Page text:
As Americans, we rarely question the authenticity or relevance of our constitution. Although segments are hotly debated, and parts are amended over time, the document stands as a light of legal and ethical truism. The foundation of our country and its revolutionary ideals served a purpose – to escape the grip and tyranny of the British empire. Before our independence was won, however, America had some soul searching to do. We needed an identity. Benjamin Franklin – stand out star and founder of our nation – alongside a little-known doctor at the time, led that search.
In the 1730s, Franklin’s close friend Dr. Thomas Bond, a medical student at the time, was completing his studies in England and France. While in Paris, Dr. Bond spent time at the famous Hotel Dieu – a charitable hospital for the sick and poor ran by the Catholic Church. The hospital it turns out, represented something deeper, more purposeful and meaningful. France, and the rest of Europe at the time, is in the middle of The Enlightenment. A transformation of ideas, personal freedom, and social awakening is flickering in the minds of Europeans and Americans alike. Hotel Dieu, an institution of social welfare and platform for justice, is more than a hospital, it’s a thorn in the side of the French monarchy. The hospital, quite literally sitting in the shadow of King Louis XV’s reign, was winning the philosophical war – it would foretell the eventual fall of the French monarchy some 50 years later.
Now imagine a few American patriots rubbing shoulders with French doctors during this time. The socially awakened, tattered but tough French Catholics are teaching the restless, scrappy American Quakers lessons beyond medicine.
The Enlightenment burns in the minds of revolutionaries.
Dr. Thomas Bond returns to America inspired. He wants to establish a hospital for the sick and poor – much like Hotel Dieu – in the Colony’s intellectual hub, Philadelphia. Recently named Port Inspector for Contagious Diseases of Philadelphia (our country’s first infectious disease specialist), Dr. Thomas Bond was alarmed at the rate of disease transmission in Pennsylvania’s trading ports. At the time, public hospitals did not exist. Doctors would make home calls, and access to health care was on a service for fee condition. The idea of a charitable hospital for the sick and poor was unpopular amongst the rich and politically elite of the time.
Running out of options, Dr. Bond seeks help from his friend and rising political star Benjamin Franklin. Already an established politician, Franklin muscles the political support and successfully presents a bill to the assembly and secures funding for the hospital. Pennsylvania Hospital, our nations’ first, is founded in 1751.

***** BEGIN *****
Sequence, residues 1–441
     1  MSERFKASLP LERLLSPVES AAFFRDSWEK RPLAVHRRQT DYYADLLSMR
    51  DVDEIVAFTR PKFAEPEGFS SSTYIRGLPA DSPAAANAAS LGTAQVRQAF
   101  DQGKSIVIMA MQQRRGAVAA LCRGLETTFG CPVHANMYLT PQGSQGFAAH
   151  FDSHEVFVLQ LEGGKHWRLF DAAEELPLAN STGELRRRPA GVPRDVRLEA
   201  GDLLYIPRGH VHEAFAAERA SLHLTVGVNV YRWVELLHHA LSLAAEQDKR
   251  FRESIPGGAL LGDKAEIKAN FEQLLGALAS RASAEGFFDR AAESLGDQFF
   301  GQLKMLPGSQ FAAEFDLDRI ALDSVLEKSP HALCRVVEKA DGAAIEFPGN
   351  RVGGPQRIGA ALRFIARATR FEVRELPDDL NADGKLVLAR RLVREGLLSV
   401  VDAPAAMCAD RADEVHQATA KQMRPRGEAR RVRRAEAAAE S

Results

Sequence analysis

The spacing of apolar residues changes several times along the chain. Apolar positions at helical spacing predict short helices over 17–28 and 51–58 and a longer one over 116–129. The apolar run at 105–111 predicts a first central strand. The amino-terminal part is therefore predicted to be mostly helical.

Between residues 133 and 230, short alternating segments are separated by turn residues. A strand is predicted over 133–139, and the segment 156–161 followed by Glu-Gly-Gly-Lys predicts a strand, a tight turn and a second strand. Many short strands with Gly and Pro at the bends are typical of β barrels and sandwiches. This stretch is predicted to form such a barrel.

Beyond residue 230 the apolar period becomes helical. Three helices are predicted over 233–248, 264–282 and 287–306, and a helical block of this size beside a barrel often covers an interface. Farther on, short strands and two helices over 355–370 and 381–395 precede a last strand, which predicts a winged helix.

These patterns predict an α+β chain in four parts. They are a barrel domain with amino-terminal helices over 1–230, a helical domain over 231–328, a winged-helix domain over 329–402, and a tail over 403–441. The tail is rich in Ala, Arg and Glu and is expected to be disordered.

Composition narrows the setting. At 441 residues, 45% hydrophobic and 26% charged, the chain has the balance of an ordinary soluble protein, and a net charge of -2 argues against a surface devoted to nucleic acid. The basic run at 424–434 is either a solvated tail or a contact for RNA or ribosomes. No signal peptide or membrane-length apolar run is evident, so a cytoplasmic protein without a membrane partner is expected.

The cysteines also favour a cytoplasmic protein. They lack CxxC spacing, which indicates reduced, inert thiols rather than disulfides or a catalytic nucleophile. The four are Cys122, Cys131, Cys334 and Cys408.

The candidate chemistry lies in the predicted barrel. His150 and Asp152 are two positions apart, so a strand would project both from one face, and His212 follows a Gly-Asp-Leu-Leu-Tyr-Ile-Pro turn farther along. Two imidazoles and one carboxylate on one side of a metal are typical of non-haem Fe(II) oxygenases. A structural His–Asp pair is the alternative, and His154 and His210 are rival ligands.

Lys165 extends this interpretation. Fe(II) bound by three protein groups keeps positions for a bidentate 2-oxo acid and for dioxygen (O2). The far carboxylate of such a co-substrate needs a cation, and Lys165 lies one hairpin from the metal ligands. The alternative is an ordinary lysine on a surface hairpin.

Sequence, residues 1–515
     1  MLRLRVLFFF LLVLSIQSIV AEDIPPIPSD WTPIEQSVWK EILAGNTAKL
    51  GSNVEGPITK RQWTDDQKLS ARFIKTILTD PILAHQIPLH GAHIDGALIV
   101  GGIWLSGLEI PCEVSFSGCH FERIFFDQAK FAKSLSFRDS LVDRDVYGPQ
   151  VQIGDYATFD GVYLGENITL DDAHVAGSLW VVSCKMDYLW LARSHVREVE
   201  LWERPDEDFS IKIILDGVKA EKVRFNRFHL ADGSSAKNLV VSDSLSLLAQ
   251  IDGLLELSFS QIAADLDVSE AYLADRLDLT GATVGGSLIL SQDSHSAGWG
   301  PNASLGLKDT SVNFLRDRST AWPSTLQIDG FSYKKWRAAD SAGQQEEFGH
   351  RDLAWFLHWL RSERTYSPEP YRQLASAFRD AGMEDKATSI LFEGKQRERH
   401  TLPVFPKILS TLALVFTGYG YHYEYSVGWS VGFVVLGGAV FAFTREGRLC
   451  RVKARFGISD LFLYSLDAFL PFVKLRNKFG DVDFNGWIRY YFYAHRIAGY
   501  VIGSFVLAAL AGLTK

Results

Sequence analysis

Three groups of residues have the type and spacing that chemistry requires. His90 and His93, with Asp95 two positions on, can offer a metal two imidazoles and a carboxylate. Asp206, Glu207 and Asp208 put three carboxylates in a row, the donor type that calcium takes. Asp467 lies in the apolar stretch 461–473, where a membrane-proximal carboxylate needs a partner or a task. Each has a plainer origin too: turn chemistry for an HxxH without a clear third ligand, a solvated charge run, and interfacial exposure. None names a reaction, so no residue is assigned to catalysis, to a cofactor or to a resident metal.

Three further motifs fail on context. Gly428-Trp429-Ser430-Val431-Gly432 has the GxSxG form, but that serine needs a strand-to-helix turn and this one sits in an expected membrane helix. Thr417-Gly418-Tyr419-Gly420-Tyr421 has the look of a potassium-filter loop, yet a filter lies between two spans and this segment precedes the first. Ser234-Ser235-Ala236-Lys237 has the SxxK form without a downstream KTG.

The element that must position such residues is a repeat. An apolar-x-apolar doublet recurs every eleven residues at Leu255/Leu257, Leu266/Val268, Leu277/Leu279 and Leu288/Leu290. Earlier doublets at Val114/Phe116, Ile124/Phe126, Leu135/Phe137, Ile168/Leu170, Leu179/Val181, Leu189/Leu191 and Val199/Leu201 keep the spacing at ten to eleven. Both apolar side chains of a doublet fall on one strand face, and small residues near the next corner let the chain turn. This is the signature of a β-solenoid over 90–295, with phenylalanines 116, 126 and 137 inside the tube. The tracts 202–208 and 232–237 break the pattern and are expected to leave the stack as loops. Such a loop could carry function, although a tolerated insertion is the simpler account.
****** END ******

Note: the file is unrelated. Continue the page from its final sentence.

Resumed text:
The hospital, as time proves, becomes the medical nucleus of the United States. Regarded as the first teaching hospital in America, it becomes the hospital of our nation’s first medical school – the University of Pennsylvania. Like Hotel Dieu, its more than a hospital – It’s an intellectual hotbed for ideas.
Fast forward 25 years. It’s 1775. There is blistering tension between England and the American Colonies, eager to win their independence. The Revolutionary War begins. Well into his 60’s, and even more stubborn in his societal and revolutionary ideals, Dr. Bond answers the call for war. Dr. Bond’s weapons however, are not muskets and cannons. He sets out, along with his adult son, to help create our nation’s first field hospitals for the Continental Army. Battlefield medicine, a core component of our nation’s defense department, is born.
As we contemplate our growth and lessons to be learned from our current pandemic, it is imperative that we hold a candle to a mirror and examine our identity as a country. When our politicians debate about Medicare for all and its constitutional considerations, it’s imperative to remember that our foundation as a nation and the care for the sick, poor, and injured are inextricably linked. Our health care’s construct – its DNA – can be traced back to Dr. Bond’s endeavors. We hold Benjamin Franklin’s contributions – the Declaration of Independence and the U.S. Constitution, among others – as unshakable pillars of our identity.
It is our societal and ethical obligation to continue to hold Dr. Thomas Bond’s contributions in the same light – free care for the sick, poor, and injured – as unshakable pillars of our democracy.
Our history demands it.
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